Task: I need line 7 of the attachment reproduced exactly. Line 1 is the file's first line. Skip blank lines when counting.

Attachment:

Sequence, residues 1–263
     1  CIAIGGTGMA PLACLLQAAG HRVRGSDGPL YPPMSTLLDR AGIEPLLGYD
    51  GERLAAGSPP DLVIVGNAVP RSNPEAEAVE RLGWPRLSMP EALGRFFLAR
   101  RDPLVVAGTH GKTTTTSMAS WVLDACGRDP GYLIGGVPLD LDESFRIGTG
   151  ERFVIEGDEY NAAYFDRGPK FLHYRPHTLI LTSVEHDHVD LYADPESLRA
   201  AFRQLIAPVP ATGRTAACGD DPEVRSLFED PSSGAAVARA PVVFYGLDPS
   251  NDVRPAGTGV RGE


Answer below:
   251  NDVRPAGTGV RGE